FAO support for Integrated Pest Management in Asia

Indiscriminate use of pesticides is of high concern to many governments in Asia as it poses risks to crop production, farmers, the environment, food safety and government plans to intensify agricultural production and develop export potential.

The FAO Regional Vegetable Integrated Pest Management (IPM) Programme in Asia promotes sustainable intensification of agricultural production with special emphasis on pesticide risk reduction.  It has demonstrated that pesticide use often can be significantly reduced without affecting crop production. Where pesticide use remains necessary, highly hazardous pesticides can be replaced by less hazardous alternatives.  Farmers applying IPM generally increase their income and reduce the incidence of pesticide poisoning.

The Programme supports capacity building in government agencies and local NGOs to conduct farmer education and participatory research on IPM and pesticide risk reduction, primarily through the Farmer Field School (FFS) approach.  In a FFS, 25-30 farmers meet weekly facilitated by qualified extension staff and/or experienced farmers. Employing non-formal education methods, the field is used as the primary resource for discovery-based learning. Farmers acquire management skills, generate knowledge, carry out experiments, and learn how to make better informed decisions.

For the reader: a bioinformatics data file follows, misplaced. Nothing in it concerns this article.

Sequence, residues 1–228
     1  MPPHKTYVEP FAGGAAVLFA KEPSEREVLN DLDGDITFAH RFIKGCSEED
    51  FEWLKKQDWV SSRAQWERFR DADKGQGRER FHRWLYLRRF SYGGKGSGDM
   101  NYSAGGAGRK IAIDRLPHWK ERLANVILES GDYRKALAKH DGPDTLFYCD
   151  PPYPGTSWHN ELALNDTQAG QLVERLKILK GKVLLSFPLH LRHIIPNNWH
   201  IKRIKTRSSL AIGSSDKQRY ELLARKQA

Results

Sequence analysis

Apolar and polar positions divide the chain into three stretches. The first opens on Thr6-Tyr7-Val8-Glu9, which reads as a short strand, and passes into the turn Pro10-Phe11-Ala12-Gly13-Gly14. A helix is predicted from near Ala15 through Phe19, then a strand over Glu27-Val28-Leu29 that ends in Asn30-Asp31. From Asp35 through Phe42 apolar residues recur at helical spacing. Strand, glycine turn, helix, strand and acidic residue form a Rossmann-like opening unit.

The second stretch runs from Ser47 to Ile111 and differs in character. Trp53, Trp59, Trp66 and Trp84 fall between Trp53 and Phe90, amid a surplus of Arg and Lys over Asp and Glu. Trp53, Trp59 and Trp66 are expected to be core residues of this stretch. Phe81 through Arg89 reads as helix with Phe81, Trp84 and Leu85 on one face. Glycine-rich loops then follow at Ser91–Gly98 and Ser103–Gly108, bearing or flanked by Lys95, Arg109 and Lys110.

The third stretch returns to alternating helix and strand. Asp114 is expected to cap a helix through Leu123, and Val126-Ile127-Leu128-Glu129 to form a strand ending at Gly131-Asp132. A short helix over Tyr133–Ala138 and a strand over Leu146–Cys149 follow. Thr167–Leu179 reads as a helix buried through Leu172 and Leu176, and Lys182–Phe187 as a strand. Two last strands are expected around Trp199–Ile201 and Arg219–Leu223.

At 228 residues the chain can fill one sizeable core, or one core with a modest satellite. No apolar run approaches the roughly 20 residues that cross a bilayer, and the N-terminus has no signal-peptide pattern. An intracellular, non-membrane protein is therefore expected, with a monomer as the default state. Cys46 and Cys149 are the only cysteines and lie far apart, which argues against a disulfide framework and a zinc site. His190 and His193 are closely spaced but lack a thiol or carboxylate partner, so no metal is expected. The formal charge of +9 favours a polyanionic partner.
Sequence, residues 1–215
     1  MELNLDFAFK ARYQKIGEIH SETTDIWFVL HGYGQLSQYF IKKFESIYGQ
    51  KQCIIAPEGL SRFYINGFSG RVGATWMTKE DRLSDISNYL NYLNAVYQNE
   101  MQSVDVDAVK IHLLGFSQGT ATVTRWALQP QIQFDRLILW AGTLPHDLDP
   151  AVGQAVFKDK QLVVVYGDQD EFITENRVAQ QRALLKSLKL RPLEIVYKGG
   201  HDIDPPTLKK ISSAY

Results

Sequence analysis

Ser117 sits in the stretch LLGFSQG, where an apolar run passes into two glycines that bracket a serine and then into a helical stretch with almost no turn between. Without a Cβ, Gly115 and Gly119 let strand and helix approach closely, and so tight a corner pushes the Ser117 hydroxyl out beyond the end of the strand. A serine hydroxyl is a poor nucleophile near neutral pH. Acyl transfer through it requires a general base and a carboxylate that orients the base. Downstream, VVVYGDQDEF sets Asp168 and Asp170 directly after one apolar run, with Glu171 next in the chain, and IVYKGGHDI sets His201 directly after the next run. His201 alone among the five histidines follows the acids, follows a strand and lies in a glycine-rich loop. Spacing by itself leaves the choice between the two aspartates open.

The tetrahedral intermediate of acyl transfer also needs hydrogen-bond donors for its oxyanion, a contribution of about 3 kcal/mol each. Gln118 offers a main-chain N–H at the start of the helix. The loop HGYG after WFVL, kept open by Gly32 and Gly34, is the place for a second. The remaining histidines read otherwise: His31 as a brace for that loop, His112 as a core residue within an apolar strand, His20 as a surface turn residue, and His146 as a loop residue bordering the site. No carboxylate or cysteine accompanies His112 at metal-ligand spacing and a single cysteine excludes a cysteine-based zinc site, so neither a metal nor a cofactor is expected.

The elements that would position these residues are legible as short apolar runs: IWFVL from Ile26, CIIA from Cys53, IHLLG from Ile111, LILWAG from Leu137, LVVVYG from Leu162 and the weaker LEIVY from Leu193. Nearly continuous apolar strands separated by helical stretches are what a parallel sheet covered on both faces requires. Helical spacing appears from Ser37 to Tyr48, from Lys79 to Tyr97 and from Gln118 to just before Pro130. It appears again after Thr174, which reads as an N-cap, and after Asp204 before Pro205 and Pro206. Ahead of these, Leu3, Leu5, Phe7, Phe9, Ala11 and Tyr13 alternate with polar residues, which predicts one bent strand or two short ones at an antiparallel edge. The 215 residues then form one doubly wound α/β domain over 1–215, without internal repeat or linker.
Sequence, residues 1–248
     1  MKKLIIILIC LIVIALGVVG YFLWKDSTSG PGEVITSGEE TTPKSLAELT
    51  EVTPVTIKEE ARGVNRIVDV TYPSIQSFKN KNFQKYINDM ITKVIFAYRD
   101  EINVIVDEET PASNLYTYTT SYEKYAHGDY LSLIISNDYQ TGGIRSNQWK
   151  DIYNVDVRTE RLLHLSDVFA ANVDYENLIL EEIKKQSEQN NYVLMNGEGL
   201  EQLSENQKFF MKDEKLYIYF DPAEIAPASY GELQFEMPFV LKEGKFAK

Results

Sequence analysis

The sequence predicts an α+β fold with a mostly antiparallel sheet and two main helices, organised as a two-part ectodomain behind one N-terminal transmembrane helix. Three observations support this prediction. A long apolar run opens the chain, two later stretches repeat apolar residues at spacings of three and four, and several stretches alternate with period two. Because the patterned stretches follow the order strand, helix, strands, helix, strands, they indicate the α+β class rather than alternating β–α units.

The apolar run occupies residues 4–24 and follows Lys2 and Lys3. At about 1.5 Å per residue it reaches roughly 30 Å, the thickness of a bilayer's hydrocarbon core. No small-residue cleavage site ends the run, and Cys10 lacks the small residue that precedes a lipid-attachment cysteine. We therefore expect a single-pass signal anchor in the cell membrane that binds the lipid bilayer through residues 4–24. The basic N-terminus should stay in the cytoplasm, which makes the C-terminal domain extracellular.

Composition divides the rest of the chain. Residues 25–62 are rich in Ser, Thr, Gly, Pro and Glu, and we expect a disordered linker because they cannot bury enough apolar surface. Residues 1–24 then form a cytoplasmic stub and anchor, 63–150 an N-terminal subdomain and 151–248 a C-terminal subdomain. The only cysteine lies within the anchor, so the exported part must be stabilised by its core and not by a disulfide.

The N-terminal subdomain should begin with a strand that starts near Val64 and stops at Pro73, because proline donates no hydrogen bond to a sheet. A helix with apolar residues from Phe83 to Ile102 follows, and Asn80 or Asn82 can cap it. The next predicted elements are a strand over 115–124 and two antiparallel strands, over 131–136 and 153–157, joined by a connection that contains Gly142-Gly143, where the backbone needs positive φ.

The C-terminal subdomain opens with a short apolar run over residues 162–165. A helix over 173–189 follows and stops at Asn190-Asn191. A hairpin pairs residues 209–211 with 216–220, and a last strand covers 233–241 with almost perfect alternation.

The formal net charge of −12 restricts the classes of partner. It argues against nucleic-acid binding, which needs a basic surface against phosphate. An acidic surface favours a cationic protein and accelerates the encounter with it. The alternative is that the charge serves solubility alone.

Integrated Pest Management (IPM) is an ecological approach to crop production and protection that combines different management strategies and practices to grow healthy crops and minimize the use of pesticides.  It is a broad concept that also includes nutrient and water management.  Besides production aspects, there is increasing attention for food safety and enhancing smallholder market access.  

The Vegetable IPM Programme has been operational since 2002 and is constantly evolving to meet developing needs from the participating governments.  Its main roles are in concept development, helping maintain quality of training, and facilitation of inter-country collaboration and coordination.  Field experiences are fed into policy development processes related to pest and pesticide management. In some countries, the Programme also assists in strengthening the regulatory framework for the control of pesticides.

Most of the participating countries now have declared IPM as the preferred approach to crop protection and are supporting capacity building at field level through National IPM-Farmers Field School programmes, increasingly with substantial national and local government funding support.  Participating national IPM programmes, which besides vegetables also cover rice and cotton, together involve over 15000 trainers and have trained over 3 Million farmers in Asia.  



Core Themes